the Mir crew during the Special published MAREX-NA Public Voice days. The
 reason I am Asking to refrain from calling the Mir station is because there
 are thousands of people who have never made a contact with a voice from
Space.  this special opportunity will give many people around he world the
 same thrill you received when you made your first contact.  I know I still
 remember my first QSL with Sergej Krikleav.  Thank you.

World Coverage during the  MAREX-NA Public Voice event:
We tried to cover as much of the world a possible for the MAREX-NA Public
Voice Event.  However, because of crew OFF-Hours limitations and orbit
availability, it was not possible to make arrangements for voice coverage
over several parts of the world.  We only have a very limited crew access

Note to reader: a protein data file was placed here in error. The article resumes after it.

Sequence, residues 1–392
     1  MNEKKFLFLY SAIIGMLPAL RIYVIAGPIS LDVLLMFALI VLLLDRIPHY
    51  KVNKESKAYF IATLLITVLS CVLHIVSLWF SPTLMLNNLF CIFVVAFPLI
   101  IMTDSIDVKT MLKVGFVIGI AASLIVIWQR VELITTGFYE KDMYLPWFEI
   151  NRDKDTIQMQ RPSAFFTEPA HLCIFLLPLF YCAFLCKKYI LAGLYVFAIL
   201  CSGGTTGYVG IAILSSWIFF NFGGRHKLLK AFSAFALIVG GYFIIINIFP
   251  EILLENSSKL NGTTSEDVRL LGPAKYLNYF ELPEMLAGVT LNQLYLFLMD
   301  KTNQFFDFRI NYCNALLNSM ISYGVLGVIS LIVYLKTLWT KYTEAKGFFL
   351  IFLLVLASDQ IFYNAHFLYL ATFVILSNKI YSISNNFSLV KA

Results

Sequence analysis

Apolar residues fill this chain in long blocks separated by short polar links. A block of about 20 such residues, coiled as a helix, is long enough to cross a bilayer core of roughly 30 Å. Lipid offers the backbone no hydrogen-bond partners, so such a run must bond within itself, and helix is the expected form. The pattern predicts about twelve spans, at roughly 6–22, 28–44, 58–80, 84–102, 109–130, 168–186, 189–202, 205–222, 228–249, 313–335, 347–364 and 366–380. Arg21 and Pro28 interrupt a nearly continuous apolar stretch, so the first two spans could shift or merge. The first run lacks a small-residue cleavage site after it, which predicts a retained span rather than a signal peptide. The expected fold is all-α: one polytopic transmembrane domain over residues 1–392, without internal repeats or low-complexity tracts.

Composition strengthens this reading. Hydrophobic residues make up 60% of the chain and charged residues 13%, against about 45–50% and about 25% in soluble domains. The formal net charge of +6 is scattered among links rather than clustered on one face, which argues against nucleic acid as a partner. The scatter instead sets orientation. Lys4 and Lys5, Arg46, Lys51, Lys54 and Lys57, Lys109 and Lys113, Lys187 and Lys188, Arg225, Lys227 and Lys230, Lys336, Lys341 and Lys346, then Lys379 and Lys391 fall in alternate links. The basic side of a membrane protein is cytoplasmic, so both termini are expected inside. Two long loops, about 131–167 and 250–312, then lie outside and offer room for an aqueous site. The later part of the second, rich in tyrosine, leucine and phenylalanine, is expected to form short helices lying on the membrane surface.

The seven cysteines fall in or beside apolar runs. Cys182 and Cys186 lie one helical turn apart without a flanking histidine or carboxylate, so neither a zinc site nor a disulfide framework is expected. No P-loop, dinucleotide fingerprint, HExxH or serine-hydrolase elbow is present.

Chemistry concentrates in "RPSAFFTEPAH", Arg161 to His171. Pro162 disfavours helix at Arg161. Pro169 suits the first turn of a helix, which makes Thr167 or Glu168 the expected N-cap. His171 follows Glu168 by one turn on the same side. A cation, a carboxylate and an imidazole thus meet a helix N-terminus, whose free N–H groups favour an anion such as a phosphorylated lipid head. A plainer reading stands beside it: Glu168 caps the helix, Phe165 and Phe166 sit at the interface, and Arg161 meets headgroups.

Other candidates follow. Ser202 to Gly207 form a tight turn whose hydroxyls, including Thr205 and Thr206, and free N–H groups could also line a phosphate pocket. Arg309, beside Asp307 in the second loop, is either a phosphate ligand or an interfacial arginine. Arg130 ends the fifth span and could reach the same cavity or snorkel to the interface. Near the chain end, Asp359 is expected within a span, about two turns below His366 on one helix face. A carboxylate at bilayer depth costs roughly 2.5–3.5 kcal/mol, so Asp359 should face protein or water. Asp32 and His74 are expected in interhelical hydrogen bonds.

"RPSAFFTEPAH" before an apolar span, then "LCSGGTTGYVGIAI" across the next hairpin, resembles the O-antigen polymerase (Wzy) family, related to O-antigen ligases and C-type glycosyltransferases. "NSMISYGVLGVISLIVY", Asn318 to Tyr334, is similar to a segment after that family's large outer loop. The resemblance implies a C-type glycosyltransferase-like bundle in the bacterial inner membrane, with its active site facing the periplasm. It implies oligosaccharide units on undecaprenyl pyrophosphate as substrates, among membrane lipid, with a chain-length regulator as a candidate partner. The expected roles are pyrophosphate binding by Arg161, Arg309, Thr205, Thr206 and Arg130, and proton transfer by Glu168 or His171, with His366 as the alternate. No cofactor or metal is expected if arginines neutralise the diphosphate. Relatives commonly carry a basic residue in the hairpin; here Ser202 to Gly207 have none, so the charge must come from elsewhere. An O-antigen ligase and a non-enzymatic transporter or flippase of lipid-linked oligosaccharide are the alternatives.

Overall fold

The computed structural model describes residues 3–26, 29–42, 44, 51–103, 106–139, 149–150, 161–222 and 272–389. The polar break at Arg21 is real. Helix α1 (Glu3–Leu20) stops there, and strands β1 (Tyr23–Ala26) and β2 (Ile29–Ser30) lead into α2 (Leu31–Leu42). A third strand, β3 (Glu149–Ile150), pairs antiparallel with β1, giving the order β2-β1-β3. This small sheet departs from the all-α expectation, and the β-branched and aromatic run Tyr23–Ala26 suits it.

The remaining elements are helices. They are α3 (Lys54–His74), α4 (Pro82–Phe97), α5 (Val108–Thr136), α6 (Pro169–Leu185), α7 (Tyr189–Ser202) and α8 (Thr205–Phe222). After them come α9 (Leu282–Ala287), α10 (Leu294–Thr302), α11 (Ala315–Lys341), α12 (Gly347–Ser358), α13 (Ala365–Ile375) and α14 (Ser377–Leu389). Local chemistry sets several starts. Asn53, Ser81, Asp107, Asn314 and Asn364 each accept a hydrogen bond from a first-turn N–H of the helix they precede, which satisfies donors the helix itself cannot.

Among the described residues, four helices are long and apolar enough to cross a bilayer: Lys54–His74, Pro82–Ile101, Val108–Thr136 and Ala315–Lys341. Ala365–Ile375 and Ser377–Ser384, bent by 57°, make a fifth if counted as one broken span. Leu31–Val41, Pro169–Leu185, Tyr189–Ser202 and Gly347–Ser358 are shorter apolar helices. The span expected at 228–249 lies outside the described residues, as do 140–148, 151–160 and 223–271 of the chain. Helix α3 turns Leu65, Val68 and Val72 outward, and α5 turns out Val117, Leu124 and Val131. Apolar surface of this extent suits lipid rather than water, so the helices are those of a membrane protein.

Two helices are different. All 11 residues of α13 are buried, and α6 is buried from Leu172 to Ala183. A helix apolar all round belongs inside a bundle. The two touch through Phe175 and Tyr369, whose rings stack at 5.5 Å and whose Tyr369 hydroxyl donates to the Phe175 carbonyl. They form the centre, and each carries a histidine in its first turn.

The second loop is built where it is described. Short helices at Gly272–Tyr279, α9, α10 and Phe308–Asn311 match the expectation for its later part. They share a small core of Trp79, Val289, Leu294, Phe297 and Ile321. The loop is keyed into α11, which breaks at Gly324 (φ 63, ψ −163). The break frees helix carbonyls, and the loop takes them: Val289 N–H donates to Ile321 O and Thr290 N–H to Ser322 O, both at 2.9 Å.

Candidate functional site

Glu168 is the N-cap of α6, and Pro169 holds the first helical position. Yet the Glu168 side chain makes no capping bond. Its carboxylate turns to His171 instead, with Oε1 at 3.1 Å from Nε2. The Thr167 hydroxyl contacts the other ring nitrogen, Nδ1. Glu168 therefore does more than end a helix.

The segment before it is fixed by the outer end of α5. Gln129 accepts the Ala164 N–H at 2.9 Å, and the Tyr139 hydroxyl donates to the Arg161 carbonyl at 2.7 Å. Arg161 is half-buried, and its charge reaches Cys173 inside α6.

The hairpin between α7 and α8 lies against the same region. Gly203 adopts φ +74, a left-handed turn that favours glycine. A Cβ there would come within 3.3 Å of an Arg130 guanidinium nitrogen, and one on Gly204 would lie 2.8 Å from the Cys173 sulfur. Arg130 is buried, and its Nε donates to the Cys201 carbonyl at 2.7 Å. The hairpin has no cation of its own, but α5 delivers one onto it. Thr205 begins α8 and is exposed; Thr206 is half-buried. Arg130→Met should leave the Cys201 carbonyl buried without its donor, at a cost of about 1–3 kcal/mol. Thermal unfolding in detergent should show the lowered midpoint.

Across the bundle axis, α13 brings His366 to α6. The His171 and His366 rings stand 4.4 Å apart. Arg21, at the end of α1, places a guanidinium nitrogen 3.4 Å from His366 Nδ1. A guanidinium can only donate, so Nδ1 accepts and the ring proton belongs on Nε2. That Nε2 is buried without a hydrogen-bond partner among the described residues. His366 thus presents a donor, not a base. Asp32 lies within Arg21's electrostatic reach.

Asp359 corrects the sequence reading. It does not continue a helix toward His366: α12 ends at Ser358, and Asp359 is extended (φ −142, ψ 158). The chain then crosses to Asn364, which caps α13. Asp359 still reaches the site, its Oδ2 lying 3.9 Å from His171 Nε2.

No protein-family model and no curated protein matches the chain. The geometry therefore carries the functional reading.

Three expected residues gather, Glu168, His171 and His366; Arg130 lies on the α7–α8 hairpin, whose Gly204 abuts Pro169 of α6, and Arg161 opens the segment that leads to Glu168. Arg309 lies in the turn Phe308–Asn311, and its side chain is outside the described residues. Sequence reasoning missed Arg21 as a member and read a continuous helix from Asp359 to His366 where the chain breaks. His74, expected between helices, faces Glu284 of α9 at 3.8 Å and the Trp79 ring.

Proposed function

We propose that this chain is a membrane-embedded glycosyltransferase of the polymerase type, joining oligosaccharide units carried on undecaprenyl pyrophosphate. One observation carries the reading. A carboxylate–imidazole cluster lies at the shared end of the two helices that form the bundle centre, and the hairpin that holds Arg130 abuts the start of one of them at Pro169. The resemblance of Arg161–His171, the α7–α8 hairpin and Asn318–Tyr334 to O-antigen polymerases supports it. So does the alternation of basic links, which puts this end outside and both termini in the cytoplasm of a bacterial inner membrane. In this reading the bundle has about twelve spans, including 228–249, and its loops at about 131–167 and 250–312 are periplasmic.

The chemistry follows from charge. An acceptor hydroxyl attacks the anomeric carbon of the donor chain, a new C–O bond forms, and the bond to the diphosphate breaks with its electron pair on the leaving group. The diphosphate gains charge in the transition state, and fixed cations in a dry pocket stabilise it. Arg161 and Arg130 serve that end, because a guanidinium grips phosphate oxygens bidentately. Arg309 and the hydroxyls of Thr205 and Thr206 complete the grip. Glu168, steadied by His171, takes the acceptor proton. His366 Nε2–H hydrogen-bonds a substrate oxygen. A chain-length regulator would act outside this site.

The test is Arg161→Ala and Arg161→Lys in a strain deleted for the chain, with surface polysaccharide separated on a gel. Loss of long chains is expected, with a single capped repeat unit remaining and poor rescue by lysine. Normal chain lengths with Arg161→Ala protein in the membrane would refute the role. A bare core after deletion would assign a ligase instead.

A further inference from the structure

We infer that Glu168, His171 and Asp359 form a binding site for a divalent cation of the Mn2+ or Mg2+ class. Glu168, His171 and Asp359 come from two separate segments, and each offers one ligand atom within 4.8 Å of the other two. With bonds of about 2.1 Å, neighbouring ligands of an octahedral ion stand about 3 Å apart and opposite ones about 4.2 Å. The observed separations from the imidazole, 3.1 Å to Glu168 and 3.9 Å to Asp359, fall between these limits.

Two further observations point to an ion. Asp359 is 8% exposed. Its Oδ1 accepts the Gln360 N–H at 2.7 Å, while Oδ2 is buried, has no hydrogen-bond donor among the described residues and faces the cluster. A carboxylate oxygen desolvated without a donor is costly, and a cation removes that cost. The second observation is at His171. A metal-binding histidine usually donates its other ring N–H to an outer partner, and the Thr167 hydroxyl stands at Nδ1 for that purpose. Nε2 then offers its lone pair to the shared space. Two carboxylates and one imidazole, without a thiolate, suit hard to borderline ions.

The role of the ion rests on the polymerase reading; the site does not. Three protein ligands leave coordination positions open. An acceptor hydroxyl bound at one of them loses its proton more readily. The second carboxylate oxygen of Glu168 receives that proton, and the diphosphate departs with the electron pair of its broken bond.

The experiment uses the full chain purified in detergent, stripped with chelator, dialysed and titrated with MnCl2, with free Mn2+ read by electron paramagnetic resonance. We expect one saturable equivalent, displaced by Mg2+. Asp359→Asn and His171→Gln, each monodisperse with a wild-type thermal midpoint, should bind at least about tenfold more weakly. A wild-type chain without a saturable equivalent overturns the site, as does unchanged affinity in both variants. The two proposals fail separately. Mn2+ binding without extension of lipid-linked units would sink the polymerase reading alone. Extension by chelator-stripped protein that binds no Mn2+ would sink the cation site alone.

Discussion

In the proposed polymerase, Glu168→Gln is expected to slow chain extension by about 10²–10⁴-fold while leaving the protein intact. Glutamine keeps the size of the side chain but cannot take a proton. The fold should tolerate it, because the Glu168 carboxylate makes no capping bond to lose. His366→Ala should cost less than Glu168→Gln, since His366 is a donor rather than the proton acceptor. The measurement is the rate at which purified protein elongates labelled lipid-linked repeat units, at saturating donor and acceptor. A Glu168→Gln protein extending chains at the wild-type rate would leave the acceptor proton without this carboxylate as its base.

window.  The Mir crew is usually very busy during many parts of the day.
Sunday is usually the best day for crew schedules.
During some of the passes over Russia, it is possible the Mir crew may have
to shorten their planned public access times, because of pre-scheduled  radio
 links with family members living on Earth.  I hope that everyone understands
 that all of the published times are based on crew work load, and it is all
ways possible the Mir crew may have to cancel.  For more accurate pass times
you should consult your own tracking program with updated Keps.

MAREX-NA Public Voice QSL Update:
For the special MAREX-NA Public Voice days, please only use the address below
 for two-way and SWL cards.

QSL Information:
Pleas provide the following information with your QSL  or SWL card.

Return Name and Address, country, ZIP
Date and time of your contact, In UTC format
Signal report (Best guess)
Radio Station and Antenna (optional)

All Mir contacts, including SWL, Two-way voice or Packet connections (R0MIR),
and including the Sputnik Satellites

Envelopes should be well sealed and do not include cash.